The latest exhibit at Show & Tell Gallery is Good Folk, a group show celebrating the gallery’s 2nd anniversary. Here’s the line up: Swoon, Monica Canilao, Jeremiah Maddock, Derek Mehaffey aka Troy Lovegates aka Other, Labrona and Troy Dugas. It’s an impressive line up of folk-art influenced art. Good Folks opened this week and runs through March 27th. Here’s a sample of what is in the show:
Know Hope‘s solo show There Is Nothing Dear (Nothing Is Too Much Dear) opened a little over a week ago at Toronto’s Show & Tell Gallery. From the photos I’ve seen, it looks to be some of Know Hope’s best work to date. That said, I’m a massive Know Hope fan, so maybe I’m just excited to see new work. These paintings seem to mark a new chapter for the characters in his continuing narrative.
Again, maybe it’s just that I’ve been following this narrative for quite a while now, but some of these new paintings are heartbreaking. Like when you read Harry Potter and got to the part where Dumbledore dies six books in (sorry for the spoiler, but if you haven’t read the 6th book by now, I don’t think you’re going to).
There Is Nothing Dear (Nothing Is Too Much Dear) runs through October 31st at Show & Tell Gallery.
And while we’re on the topic of Know Hope, any readers in Toronto and in a fortunate position: Know Hope has a solo show coming up next month at Show & Tell Gallery. No doubt this show, There Is Nothing Dear (Nothing Is Too Much Dear), will be something special. I’ve been looking forward to it for a while.
Dan Bergeron, aka fauxreel, had a show open last week at Show & Tell Gallery in Toronto. Faces of the City focuses on Dan’s recent series of portraits. There are some beautiful pieces on wood, but since this series really is all about the city and how the work interacts with the wall it’s on, Dan has also included a number of photographic prints showing the portraits as they looked outdoors. And I’m not sure how’s he’s done it because it is such a challenge, but Dan has managed that delicate balancing act of using found or otherwise distressed wood has his canvas without it seeming too contrived and fake. That’s not an easy thing to do, so I’m glad to see that Dan has pulled it off.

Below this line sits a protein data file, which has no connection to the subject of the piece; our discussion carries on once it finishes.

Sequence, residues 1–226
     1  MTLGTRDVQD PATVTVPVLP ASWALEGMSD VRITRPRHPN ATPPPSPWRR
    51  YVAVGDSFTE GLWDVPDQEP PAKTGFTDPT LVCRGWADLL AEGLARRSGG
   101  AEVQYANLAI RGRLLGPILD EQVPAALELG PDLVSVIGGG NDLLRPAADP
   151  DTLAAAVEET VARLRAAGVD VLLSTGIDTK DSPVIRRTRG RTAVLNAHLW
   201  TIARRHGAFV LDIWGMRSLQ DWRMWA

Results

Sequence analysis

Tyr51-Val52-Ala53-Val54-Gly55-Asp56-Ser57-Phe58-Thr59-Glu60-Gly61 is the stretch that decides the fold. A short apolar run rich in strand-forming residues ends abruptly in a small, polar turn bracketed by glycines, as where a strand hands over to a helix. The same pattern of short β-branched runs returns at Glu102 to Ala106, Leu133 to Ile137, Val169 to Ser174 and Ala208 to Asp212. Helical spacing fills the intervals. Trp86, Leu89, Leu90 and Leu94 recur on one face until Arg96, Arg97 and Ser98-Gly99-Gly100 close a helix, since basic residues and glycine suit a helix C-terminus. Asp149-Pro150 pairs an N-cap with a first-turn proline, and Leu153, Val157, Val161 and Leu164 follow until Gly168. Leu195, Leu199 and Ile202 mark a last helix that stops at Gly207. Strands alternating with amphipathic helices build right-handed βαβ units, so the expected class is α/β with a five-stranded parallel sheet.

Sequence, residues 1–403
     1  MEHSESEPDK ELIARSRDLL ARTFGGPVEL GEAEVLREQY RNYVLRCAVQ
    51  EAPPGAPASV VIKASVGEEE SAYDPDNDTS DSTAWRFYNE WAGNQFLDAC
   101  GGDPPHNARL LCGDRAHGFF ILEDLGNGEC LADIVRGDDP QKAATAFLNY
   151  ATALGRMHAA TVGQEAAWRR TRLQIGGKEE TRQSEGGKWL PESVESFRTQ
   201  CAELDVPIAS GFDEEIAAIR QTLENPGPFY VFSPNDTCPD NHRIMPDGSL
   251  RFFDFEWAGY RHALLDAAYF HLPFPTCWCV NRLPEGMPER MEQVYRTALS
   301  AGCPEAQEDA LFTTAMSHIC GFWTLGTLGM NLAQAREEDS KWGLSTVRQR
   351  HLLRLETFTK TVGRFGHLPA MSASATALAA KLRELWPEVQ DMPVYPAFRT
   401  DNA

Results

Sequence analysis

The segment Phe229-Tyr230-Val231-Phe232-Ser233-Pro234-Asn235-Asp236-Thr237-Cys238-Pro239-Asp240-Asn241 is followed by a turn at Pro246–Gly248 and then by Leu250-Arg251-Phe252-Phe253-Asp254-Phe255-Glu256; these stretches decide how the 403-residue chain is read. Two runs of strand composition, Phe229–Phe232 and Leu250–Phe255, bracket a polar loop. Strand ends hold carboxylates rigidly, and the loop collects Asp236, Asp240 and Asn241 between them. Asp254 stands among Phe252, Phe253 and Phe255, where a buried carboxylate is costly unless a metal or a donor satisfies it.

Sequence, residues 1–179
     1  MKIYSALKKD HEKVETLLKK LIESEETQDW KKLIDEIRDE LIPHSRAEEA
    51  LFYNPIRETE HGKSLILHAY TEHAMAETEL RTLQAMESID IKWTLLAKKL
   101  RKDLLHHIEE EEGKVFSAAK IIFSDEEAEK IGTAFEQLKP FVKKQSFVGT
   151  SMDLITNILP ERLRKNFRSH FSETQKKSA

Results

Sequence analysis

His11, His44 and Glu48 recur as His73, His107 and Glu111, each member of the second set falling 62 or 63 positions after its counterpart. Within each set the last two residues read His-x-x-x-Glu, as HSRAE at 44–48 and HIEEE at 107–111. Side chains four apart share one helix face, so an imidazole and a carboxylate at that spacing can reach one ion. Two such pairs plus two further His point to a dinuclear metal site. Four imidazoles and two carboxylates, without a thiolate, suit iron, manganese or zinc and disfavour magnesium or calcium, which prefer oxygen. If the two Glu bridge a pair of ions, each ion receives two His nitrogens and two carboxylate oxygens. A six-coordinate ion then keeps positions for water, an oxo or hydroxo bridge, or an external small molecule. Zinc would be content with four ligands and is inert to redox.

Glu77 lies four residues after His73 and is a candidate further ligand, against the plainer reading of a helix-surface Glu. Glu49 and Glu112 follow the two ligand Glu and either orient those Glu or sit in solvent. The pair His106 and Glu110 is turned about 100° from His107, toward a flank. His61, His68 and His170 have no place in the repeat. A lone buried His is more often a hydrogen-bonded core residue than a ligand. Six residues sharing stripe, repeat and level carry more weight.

Been a bit slow posting about this one, but I’m definitely liking it. Anthony Lister’s The Beauty of Failure is on now at Toronto’s Show & Tell Gallery. Looks like a good mix of sculptures, paintings and (most importantly for some of the people I’ve spoken to although it’s not my major concern) images that don’t involve superheroes. Definitely check this out if you’re in Toronto and let me know what you think. I will be very jealous of you.
Toronto’s Show & Tell Gallery has something big planned for next week: Anthony Lister’s latest solo show, The Beauty of Failure. A lot of artists paint superheroes. Most of the time, I don’t care for those artists. Lister is one of my exceptions. He doesn’t just paint, he actually knows how to paint, something which is surprisingly rare.
The gallery says:
The Beauty of Failure is a unique look at the reward and punishment systems, and more specifically when the two overlap.The paintings and sculptures in this show demonstrate a tounge in cheek look at contemporary pop culture through Anthony‘s signature artistic style.
Lister has been doing sculptures for a couple of years now. I think the first one was made for his 2008 show at Elms Lesters in London. These new sculptures are completely different though, and you probably won’t immediately recognize them as being made by Lister. Here’s one:
The Beauty of Failure opens July 9th at the Show & Tell Gallery in Toronto, and the show runs through August 8th.
This impressive new project by Toronto based artist Dan Bergeron aka fauxreel recently went up in the Toronto Brickworks.
The Don Valley Brickworks operated for nearly 100 years and provided bricks used to construct many well-known Toronto landmarks such as Casa Loma, Osgoode Hall, Massey Hall and the Ontario Legislature. In 1928 the factory was sold and the name changed to the Toronto Brick Company. This change in ownership also saw the factory reach peak production of 25 million bricks per year. The kilns have been closed since 1984 and the property is currently owned and being revitalized by Evergreen.
“With some initial leads thanks to filmmaker Catherine Annau, I was able to make contact with some of the former workers who were employed when the factory shut down in 1984.
I visited each subject at the their home and I shot portraits of these proud men and installed their images in the factory’s Kiln Building.
To create the brick pattern, I worked with my assistant, Joe Cornfield, to cut everything out on-site as the bricks were of different sizes and the mortar various widths and heights. An arduous task for sure, but a testament to the men who helped to build Toronto, brick by brick.”